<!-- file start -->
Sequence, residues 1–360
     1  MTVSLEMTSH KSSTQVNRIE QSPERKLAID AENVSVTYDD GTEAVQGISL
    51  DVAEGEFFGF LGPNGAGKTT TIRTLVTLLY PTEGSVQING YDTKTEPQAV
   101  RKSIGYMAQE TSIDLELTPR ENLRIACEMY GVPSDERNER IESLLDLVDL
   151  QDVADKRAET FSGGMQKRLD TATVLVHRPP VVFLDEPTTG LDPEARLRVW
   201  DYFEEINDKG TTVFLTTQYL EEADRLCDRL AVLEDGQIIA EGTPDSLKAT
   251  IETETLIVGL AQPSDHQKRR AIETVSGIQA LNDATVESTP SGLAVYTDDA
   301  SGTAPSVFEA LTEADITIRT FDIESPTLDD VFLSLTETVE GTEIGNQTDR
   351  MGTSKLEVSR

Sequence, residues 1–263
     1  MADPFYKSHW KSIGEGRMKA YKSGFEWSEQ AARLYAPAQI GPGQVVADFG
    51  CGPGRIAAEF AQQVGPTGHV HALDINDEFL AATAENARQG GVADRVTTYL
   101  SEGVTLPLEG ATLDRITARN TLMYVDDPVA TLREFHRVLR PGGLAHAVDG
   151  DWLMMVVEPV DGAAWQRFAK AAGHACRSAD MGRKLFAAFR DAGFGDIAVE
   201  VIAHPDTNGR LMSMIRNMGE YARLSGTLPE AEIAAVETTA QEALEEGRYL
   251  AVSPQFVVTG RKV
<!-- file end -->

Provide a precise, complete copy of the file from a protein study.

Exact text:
Sequence, residues 1–360
     1  MTVSLEMTSH KSSTQVNRIE QSPERKLAID AENVSVTYDD GTEAVQGISL
    51  DVAEGEFFGF LGPNGAGKTT TIRTLVTLLY PTEGSVQING YDTKTEPQAV
   101  RKSIGYMAQE TSIDLELTPR ENLRIACEMY GVPSDERNER IESLLDLVDL
   151  QDVADKRAET FSGGMQKRLD TATVLVHRPP VVFLDEPTTG LDPEARLRVW
   201  DYFEEINDKG TTVFLTTQYL EEADRLCDRL AVLEDGQIIA EGTPDSLKAT
   251  IETETLIVGL AQPSDHQKRR AIETVSGIQA LNDATVESTP SGLAVYTDDA
   301  SGTAPSVFEA LTEADITIRT FDIESPTLDD VFLSLTETVE GTEIGNQTDR
   351  MGTSKLEVSR

Sequence, residues 1–263
     1  MADPFYKSHW KSIGEGRMKA YKSGFEWSEQ AARLYAPAQI GPGQVVADFG
    51  CGPGRIAAEF AQQVGPTGHV HALDINDEFL AATAENARQG GVADRVTTYL
   101  SEGVTLPLEG ATLDRITARN TLMYVDDPVA TLREFHRVLR PGGLAHAVDG
   151  DWLMMVVEPV DGAAWQRFAK AAGHACRSAD MGRKLFAAFR DAGFGDIAVE
   201  VIAHPDTNGR LMSMIRNMGE YARLSGTLPE AEIAAVETTA QEALEEGRYL
   251  AVSPQFVVTG RKV